“There would be moments where I would end the [recording] session because I would get so frustrated,” Gomez admits. “Not just trying to create an album from my basement ... but making it sound authentic. That’s something that requires meticulous care. But now, I think I actually sound better in Spanish than I do in English.”

Selena Gomez.
“I’m actually grateful that I’m not involved with anyone right now,” says Selena Gomez.
(Kirk McKoy/Los Angeles Times)

Gomez’s namesake, the late Tejana pop queen Selena Quintanilla-Pérez, suffered a similar identity crisis for years before her untimely death at 23. Though long derided by both Anglos and Mexicans south of the border, Quintanilla-Pérez, who spoke with a Texan twang and notoriously fumbled through her own interviews in Spanish, worked to legitimize the hybrid sound of Tejano music, as both a Latin and North American folk tradition. Gomez has always felt the magnitude of the elder Selena’s legacy, especially as a relative newcomer in the Latin pop space. “It’s an honor to carry her name,” says Gomez.


Selena died when Gomez was two, but, she explains, “her spirit never left my family.” Gomez recalls multiple trips to the Selena memorial in Corpus Christi and met the Quintanilla family before singing “Bidi Bidi Bom Bom” live at the Houston Rodeo in 2010. But her fondest Selena memory by far was when she and her grandmother made a kid-friendly replica of the star’s famous bedazzled bustier. “I used to have this bathing suit,” says Gomez. “My grandmother helped me dye it black and we glued a ton of sequins to the top. I wore it with my jeans, then we found a hat and earrings to dress it up. That’s just what little girls in Texas do.”

As soon as it’s safe again, Gomez has set her sights on South America for her first post-pandemic tour. It’s a bucket list item for the star, who previously canceled the Latin American leg of her “Revival” tour in 2016, citing depression and exhaustion caused by lupus. “South America’s where I would start, because we missed it last time, and because that’s where my heart is,” she says.

 Selena Gomez and Aaron Dominguez
Selena Gomez and Aaron Dominguez on the set of “Only Murders in the Building” on Feb. 24, 2021 in New York City.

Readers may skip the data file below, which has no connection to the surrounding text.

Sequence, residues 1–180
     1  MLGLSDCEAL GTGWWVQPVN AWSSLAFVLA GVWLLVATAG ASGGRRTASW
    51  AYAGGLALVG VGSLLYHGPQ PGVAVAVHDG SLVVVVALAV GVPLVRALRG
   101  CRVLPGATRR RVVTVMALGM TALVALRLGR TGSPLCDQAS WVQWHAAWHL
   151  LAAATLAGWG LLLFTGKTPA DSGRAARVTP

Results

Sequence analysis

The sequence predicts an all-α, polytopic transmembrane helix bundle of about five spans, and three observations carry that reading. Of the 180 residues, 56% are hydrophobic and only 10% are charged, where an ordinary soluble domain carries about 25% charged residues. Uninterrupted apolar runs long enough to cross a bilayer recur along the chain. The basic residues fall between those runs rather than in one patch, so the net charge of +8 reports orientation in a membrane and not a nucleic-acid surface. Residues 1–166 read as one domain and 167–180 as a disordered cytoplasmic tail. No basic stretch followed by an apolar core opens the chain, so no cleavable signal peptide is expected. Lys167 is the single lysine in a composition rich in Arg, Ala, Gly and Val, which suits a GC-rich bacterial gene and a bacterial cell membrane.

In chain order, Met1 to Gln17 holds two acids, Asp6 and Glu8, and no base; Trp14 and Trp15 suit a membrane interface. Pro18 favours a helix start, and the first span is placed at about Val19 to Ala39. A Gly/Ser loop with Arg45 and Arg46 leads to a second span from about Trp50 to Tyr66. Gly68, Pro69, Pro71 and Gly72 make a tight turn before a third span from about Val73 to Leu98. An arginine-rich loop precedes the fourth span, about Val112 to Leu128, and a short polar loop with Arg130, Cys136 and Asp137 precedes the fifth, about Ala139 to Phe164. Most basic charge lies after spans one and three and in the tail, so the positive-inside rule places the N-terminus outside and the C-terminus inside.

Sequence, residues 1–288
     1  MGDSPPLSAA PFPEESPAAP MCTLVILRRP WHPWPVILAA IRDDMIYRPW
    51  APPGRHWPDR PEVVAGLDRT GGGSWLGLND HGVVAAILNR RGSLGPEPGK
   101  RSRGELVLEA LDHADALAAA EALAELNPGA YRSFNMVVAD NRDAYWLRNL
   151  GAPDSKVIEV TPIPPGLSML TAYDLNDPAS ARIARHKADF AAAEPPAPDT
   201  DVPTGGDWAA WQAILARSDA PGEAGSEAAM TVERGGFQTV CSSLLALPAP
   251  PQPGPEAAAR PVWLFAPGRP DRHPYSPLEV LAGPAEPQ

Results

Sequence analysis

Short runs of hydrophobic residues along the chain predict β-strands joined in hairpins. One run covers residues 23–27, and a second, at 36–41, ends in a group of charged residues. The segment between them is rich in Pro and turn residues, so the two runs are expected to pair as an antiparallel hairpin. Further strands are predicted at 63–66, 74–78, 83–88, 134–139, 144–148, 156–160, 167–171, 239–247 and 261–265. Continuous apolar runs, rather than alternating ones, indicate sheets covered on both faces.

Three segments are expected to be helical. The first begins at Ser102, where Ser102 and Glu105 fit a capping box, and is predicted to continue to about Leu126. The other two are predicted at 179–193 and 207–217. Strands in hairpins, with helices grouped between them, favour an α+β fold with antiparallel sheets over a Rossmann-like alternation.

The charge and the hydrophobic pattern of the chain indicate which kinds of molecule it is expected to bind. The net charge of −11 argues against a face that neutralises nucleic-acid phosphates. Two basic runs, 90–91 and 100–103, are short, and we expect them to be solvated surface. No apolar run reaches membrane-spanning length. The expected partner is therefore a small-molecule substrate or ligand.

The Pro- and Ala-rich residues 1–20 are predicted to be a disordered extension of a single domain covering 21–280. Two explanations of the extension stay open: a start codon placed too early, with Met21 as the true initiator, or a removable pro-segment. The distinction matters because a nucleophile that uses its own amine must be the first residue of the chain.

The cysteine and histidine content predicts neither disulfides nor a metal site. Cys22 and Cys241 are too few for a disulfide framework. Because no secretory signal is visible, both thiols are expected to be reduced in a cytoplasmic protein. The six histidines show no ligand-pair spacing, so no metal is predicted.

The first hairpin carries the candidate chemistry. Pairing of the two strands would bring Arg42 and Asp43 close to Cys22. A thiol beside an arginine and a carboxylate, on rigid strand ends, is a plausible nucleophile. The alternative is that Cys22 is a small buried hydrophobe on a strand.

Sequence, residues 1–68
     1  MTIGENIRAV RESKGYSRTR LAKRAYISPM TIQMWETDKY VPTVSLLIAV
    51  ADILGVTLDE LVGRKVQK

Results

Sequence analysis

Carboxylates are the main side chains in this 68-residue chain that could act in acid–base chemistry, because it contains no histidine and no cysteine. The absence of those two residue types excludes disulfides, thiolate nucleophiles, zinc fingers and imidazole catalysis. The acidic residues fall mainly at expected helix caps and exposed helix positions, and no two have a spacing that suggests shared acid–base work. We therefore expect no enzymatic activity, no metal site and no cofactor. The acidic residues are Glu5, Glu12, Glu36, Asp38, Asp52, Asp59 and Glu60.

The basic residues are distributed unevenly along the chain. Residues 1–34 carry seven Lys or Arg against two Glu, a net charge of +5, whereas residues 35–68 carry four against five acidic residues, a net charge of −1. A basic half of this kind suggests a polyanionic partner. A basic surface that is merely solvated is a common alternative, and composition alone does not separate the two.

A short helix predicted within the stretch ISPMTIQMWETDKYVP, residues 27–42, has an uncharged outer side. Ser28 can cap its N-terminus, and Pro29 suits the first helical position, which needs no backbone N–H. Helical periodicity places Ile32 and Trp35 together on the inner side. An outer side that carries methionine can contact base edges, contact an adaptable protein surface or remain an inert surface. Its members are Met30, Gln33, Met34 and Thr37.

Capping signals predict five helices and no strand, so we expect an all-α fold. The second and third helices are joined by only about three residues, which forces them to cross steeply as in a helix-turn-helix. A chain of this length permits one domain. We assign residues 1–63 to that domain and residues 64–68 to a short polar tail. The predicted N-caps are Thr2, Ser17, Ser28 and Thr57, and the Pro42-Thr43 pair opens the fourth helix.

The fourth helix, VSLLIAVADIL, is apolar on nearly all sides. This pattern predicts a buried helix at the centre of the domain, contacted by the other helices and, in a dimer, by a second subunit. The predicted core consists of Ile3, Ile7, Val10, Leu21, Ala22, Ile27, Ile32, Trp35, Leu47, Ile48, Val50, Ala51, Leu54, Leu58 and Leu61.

(James Devaney / GC Images)

Gomez has long grown bored by the ceaseless gossip surrounding her every celebrity interaction and as a result, leaves all social media for her team to manage these days. But after a quiet year, dating rumors were sparked online once again when Gomez was photographed arm in arm with her “Murders” costar Aaron Dominguez. They were filming a scene, she says; but the photos, however innocuous, stirred members of her ride-or-die fanbase dubbed the Selenators. The fans barraged Dominguez’s Instagram account with hostile posts, some of which he highlighted for laughs on his page. “Boy stay the f— away from Selena!” read one message.

“We had just started working together,” she says of Dominguez, shaking her head. “I honestly thought, ‘No wonder guys don’t want to date me!’ I think people only care because I’m young, and the older I get the less they’ll care. For now it’s a part of the job that I don’t really like. I’m actually grateful that I’m not involved with anyone right now.”

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One can’t help but think of Britney Spears, whose lifetime of overexposure, not to mention her ongoing legal battle for autonomy, recently came up for review in the documentary, “Framing Britney Spears.” Spears was the first artist Gomez saw live in concert; Gomez’s rhythmic vocal flourishes can be traced back to Spears, who in turn, enjoys dancing to Gomez’s songs on Instagram. Out of solidarity for Spears, Gomez declined to watch the documentary.


“I’ve seen so much, and it feels violating for me to watch something like that,” says Gomez. “I couldn’t even imagine. I have nothing but sympathy for her, and I’m happy as long as she is healthy and happy.”

If there is anything to be decoded from Gomez’s “Revelación,” beyond the lyrics themselves, it’s that defining the contours of her identity — apart from a job title, a relationship or a birthplace — will be a lifelong journey and only for her to steer. Once the scene is wrapped, the sun goes down and the relentless pinging of her phone subsides, Gomez can exhale and take comfort in knowing at least she’s the one behind the wheel.

“I don’t have all the answers. There’s no moment when I’m like, ‘OK, guys, I’m healed from everything!’” she says. “It’ll always be a roller coaster. I’m just figuring out what track I want to be on.”